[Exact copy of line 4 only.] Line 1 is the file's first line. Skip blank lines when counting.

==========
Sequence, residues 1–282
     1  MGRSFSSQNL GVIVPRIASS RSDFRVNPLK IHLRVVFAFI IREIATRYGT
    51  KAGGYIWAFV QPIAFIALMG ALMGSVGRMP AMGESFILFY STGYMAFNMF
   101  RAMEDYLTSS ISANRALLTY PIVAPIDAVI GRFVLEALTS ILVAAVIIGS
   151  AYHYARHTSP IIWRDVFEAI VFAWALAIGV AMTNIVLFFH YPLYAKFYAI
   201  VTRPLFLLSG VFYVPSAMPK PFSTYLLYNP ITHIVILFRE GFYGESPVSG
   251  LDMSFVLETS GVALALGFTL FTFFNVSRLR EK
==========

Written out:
   101  RAMEDYLTSS ISANRALLTY PIVAPIDAVI GRFVLEALTS ILVAAVIIGS